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From there the trail got much steeper and rougher for a bit, climbing up among boulders and large trees before easing up in a gorgeous pine forest. The trail was mostly earth and pine needles for the next half mile or so until we finally gained the ledges just below Monument Vista. A small set of staples helped us up one ledge and then we took the spur trail to the vista itself, which reached all the way out to the ocean and the mountains of Acadia poking up beyond the nearer Black Mountains including Schoodic with it's bald top and communications tower sticking up. In between appeared to be a nearly unbroken forest filled with shimmering blue lakes. Enormous sloping ledges at the vista were home to a lot of blueberry ripe bushes, so while I was busy taking pics and exploring my wife and older two got busy filling a water bottle with blueberries to bring home with us after we ate our fill.

Immediately after the pond things started up steeply
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Then scaled back a bit for more nice hiking through the forest
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The first of many many view ledges
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Training for the Beehive! :D
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Monument Vista
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Home to monuments, vistas and blueberries by the bush full
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After that the rest of the trail climbed several hundred more feet on mostly open ledges, also covered in blueberries, which made for slow going as it's hard for my kids to walk by any and just leave them there. Constant views and good footing made for a peasant final climb to the summit, where more ledges and blocks awaited, providing similar views but also opening up views to the north, which didn't look at much exciting other than a big wind farm and some distant hills. One final scramble brought us to the end of the trail where we had a long snack break. I scrambled up a steep 20 foot tall pointed boulder that seemed to be the high point, although it's possible the actual summit was slightly higher and off in the woods somewhere.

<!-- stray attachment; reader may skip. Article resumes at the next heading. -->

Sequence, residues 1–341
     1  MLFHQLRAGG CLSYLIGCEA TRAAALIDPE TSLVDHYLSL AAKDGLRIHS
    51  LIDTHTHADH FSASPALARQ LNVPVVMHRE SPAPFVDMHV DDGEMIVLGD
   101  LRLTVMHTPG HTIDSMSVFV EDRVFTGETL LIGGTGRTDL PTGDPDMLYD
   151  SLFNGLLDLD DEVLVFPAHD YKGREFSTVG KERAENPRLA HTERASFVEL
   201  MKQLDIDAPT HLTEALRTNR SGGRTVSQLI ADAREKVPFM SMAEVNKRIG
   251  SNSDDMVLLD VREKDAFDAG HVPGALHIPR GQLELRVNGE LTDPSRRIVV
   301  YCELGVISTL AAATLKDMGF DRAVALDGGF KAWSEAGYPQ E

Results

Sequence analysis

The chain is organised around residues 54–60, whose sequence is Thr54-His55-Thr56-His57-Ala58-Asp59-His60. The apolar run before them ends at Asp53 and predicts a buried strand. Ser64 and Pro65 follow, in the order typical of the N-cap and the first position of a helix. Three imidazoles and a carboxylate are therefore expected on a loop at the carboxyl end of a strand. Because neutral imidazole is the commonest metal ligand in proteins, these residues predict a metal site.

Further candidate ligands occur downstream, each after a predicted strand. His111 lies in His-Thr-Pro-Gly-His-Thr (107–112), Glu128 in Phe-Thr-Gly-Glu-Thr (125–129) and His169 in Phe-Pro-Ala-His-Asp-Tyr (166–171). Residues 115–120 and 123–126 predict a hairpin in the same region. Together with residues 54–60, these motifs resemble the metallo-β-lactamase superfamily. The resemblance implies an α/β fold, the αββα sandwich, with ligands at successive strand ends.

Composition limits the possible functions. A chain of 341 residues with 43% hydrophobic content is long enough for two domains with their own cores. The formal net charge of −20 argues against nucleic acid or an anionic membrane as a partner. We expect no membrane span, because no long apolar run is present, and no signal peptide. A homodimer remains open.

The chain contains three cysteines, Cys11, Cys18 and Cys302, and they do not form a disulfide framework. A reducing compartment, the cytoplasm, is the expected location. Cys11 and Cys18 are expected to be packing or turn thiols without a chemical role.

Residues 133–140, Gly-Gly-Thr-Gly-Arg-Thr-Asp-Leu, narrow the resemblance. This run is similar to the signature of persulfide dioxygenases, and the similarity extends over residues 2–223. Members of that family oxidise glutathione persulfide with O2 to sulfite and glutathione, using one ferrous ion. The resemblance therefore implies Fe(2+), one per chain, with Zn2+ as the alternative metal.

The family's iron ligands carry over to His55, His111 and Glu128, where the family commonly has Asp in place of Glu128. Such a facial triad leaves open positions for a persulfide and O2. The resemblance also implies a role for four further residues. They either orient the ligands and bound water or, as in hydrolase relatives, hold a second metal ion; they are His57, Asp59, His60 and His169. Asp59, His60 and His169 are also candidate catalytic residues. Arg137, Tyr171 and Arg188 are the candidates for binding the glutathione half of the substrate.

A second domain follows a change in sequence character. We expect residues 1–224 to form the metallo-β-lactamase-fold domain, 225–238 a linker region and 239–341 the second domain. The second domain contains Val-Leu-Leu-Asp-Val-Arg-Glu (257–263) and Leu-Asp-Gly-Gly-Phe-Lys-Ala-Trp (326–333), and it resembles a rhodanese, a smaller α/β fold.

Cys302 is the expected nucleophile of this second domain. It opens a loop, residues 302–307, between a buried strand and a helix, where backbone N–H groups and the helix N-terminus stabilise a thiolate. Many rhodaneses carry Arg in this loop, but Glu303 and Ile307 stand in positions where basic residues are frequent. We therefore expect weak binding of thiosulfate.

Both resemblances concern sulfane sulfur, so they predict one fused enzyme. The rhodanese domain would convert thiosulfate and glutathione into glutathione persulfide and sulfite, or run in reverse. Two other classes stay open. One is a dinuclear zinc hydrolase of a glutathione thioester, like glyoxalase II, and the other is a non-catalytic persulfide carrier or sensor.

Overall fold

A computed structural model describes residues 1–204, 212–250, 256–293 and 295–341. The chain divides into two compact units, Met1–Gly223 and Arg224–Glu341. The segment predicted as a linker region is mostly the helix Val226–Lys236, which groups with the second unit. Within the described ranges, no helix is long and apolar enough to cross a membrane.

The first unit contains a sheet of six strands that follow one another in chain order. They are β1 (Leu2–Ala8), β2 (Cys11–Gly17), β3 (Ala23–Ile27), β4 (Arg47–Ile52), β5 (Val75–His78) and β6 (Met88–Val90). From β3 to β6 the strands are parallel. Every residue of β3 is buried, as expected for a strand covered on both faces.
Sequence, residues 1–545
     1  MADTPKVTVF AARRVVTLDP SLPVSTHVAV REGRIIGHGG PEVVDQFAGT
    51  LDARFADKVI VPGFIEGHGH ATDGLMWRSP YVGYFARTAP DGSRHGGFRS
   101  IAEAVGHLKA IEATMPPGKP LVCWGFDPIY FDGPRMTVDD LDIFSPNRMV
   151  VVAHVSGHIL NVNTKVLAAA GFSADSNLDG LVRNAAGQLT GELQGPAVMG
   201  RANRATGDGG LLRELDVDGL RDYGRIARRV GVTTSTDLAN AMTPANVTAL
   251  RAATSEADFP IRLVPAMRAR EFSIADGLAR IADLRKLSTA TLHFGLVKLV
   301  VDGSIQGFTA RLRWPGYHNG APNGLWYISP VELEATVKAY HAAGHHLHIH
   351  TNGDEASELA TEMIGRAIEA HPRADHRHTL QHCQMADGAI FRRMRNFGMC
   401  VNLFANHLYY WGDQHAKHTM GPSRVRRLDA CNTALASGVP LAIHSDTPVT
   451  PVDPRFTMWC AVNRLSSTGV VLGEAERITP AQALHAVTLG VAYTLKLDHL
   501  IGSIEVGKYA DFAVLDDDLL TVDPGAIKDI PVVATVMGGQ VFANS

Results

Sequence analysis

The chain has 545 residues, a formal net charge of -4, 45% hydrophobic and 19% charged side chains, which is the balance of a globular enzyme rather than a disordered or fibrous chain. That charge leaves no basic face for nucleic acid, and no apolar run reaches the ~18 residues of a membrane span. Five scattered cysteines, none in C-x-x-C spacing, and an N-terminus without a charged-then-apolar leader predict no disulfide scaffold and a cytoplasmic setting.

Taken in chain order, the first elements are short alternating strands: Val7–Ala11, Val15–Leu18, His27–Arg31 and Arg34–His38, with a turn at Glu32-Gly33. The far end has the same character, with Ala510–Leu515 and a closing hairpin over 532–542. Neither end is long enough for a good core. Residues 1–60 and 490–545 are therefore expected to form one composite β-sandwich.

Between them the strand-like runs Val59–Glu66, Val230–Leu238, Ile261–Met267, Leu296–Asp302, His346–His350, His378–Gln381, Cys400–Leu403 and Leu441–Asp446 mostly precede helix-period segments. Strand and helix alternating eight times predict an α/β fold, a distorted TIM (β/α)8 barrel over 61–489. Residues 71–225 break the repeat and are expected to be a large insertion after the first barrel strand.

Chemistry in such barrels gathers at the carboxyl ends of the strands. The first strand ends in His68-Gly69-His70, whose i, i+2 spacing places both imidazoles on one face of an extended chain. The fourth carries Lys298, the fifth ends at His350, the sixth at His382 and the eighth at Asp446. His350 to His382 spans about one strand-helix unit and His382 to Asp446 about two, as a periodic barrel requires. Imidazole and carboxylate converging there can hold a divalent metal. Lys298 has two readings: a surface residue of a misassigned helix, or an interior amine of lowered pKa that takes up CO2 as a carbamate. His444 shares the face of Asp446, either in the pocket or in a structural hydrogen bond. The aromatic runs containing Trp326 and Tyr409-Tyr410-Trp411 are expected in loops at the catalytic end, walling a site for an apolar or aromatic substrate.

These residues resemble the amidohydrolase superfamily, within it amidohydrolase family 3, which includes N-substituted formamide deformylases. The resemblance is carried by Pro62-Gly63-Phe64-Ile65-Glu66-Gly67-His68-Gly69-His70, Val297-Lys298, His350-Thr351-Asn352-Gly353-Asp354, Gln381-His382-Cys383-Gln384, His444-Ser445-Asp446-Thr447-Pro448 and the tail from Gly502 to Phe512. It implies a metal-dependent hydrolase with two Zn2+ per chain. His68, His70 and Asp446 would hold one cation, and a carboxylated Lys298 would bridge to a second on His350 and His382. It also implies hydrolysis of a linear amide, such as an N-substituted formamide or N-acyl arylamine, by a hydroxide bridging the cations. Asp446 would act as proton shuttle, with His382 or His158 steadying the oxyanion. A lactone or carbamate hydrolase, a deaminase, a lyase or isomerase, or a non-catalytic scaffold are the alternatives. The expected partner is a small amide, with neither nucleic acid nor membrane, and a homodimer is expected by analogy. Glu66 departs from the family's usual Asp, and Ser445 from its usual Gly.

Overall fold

Going up the last 1/4 mile was steep, open, beautiful ledge
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Hard to make progress with so many views and blueberries to pick
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But we persevered and eventually hit the open north outlook ledges
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Views north were nothing special however, and included this windfarm
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The final scramble to the end of the trail
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End of the road
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Once done with that it was back the way we came. More off trail exploring brought us to even more blueberry bushes, which on this very lightly traveled mountain were bursting with juicy berries and made easy work of filling another pint sized bottle with berries. A guy with five barking dogs passed us while we were off the trail there and that was the only other person we saw on the hike. Once down below the last ledges and iron rungs it was smooth sailing and a few skittles gave the kids the boost they needed to finish off this three mile hike.

The highest southern viewpoint with peeks at Acadia in the distance
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This ledgey area slightly lower on the mountain was probably the best for both views and blueberries if you ask me
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Taste testing
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Back down the ladder
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And through the really nice woods
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Last look at Tunk and Mud Pond
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My oldest made a friend on the way down